A Brief History of U.S. Presidents in China
Richard Nixon, 1972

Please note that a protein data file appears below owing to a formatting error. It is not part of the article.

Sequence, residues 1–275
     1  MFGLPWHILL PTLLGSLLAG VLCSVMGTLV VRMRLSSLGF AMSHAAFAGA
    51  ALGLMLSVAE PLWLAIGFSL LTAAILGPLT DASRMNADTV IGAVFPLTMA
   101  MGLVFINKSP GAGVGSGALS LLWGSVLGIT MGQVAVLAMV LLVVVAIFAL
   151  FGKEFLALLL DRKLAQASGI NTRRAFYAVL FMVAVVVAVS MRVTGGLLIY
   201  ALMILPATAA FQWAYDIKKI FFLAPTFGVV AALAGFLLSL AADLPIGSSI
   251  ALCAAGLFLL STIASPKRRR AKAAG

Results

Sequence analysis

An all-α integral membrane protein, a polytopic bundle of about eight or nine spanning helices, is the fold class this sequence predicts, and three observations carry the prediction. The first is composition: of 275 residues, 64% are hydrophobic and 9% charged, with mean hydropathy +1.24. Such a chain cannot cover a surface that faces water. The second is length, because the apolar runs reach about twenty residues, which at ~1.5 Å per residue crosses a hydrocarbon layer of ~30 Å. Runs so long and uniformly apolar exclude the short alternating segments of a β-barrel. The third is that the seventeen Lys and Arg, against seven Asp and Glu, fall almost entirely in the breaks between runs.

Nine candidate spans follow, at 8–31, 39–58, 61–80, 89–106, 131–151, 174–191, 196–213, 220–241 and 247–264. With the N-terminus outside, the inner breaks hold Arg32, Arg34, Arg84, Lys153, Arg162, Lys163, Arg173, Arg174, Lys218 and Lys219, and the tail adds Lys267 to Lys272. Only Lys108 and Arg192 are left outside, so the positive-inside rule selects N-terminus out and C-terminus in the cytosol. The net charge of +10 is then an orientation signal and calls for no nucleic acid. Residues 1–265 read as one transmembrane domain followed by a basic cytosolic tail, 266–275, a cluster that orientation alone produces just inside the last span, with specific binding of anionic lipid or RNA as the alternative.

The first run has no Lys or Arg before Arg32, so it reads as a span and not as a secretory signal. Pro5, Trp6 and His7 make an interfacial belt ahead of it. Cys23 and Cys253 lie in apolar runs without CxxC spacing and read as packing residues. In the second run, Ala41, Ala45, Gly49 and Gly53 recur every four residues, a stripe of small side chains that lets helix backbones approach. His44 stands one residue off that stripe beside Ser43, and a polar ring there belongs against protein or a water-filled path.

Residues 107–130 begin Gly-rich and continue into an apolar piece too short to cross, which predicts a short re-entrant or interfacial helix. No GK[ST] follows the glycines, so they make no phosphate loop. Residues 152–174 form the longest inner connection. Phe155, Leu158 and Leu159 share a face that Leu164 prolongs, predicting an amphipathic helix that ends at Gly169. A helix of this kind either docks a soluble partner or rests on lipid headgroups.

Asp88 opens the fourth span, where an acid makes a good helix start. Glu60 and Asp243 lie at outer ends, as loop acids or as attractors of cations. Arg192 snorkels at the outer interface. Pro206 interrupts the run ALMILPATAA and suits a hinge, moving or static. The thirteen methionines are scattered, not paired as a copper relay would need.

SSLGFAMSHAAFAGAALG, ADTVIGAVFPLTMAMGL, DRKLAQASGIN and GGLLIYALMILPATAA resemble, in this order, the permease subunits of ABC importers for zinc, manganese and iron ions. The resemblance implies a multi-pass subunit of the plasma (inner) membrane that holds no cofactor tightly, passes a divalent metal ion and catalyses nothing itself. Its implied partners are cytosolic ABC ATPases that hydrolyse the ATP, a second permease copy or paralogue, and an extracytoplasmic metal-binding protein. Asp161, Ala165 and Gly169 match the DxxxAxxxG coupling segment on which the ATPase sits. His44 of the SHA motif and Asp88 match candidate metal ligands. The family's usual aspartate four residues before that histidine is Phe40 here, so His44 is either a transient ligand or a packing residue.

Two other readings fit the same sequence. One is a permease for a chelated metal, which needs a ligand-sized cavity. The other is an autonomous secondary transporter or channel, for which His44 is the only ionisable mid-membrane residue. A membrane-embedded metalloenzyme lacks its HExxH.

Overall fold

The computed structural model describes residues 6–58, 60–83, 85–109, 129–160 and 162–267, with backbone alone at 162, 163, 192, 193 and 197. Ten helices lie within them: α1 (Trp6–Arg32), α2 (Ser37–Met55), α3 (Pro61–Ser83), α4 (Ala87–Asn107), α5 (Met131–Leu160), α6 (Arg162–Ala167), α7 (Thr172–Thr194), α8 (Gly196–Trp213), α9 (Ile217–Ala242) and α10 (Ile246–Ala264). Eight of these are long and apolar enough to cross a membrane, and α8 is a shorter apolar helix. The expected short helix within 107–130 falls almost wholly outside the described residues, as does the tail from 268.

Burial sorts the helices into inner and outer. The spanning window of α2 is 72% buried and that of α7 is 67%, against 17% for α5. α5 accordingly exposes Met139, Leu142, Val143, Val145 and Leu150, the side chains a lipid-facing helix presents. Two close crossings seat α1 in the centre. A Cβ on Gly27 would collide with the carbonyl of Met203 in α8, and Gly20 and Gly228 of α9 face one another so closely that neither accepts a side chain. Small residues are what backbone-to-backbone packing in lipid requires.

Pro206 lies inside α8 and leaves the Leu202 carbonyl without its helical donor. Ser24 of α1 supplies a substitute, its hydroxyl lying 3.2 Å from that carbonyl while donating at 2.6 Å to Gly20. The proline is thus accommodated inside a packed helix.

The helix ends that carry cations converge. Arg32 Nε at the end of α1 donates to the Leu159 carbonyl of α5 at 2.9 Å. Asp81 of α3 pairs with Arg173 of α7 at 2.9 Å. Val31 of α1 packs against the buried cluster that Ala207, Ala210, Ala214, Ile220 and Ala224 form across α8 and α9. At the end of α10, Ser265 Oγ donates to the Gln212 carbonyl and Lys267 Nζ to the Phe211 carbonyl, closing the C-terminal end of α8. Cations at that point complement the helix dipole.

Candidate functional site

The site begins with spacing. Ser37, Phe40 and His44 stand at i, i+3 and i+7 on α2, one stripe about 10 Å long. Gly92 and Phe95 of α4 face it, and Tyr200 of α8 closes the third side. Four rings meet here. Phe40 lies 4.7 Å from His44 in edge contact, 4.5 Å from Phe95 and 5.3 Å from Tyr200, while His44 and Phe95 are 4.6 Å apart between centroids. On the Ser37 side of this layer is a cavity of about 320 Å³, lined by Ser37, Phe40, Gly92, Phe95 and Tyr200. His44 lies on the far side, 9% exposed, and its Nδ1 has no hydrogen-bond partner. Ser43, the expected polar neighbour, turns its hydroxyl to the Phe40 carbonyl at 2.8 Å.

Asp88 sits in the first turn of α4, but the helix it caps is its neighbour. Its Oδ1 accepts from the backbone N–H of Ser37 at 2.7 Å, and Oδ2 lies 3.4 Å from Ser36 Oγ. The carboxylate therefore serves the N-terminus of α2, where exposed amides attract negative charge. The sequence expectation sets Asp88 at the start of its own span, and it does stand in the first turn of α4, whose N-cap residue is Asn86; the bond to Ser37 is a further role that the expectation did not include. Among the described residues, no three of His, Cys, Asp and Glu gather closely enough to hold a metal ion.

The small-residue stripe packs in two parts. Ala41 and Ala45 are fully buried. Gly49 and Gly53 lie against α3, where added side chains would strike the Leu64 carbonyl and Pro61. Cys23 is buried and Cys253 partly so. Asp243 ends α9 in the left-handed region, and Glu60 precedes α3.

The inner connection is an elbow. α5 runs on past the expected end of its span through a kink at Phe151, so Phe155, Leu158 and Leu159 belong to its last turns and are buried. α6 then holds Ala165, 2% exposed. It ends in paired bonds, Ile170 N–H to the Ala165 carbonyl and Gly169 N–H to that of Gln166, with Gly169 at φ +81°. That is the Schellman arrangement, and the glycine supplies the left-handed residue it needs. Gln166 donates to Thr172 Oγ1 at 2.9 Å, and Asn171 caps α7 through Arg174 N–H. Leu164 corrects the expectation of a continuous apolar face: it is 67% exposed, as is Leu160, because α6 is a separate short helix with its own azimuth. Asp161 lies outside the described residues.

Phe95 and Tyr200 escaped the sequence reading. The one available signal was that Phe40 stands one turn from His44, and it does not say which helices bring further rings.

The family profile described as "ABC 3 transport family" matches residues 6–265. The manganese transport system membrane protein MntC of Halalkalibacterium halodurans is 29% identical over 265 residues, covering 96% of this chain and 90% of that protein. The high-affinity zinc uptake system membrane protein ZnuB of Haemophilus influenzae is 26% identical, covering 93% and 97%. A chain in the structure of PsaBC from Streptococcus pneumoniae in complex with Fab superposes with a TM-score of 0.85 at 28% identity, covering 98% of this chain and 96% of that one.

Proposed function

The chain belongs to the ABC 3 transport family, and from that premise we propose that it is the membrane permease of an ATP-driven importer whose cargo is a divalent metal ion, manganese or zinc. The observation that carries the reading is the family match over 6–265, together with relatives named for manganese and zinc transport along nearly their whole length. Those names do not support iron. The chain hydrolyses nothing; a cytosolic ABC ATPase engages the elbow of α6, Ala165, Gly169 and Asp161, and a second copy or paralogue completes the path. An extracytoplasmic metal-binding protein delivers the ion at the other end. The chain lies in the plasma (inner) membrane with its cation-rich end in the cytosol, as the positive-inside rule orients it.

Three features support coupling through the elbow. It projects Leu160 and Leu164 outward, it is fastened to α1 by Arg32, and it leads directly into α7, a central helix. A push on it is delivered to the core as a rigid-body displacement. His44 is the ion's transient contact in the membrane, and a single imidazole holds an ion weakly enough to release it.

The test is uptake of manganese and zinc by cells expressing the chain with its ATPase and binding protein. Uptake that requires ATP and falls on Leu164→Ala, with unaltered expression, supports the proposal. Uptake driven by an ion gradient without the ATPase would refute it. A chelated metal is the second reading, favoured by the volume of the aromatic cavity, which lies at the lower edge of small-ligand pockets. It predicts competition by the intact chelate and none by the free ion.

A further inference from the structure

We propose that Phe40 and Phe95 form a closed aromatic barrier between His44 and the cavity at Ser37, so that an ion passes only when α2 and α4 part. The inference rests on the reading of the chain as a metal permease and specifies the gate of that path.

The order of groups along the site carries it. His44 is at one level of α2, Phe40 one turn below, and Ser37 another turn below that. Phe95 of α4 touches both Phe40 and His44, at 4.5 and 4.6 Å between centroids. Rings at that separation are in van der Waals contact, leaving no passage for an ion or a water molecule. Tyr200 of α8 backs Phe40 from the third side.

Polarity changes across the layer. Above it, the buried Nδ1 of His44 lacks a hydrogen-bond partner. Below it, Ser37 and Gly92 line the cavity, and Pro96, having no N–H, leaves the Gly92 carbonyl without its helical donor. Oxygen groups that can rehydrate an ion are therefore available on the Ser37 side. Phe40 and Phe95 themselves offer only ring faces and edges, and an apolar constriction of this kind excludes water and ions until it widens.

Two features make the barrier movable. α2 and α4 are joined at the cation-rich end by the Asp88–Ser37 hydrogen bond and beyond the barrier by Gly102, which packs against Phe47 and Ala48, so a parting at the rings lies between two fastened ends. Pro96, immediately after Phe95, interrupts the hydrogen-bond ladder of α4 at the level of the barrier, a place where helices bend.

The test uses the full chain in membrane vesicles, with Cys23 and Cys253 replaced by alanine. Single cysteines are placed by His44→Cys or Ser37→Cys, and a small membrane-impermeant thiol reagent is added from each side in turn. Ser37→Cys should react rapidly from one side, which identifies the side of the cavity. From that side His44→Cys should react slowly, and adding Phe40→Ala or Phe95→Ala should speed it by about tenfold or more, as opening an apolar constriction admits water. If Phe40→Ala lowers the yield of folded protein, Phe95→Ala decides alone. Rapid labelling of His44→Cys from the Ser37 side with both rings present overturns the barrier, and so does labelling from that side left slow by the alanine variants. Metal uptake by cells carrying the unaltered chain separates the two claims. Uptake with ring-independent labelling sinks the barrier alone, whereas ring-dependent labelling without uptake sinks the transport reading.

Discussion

In 1972, President Nixon became the first U.S. President to visit the People's Republic of China and his seven-day trip marked a turning point in China-U.S. relations. Nixon traveled to several Chinese cities and met with both Chairman Mao Zedong and Premier Zhou Enlai. The leaders bridged the Cold War divide to sign the Shanghai Communiqué, in which they agreed to disagree over China's claim to Taiwan. The trip's significance went beyond formal agreements to symbolize a new era of cooperation. A Nixon-Mao handshake erased China's grudge over a 1954 embarrassment when then-U.S. Secretary of State John Foster Dulles refused to shake Zhou's hand. Nixon not only shook hands, but he even practiced using chopsticks on the plane flight over.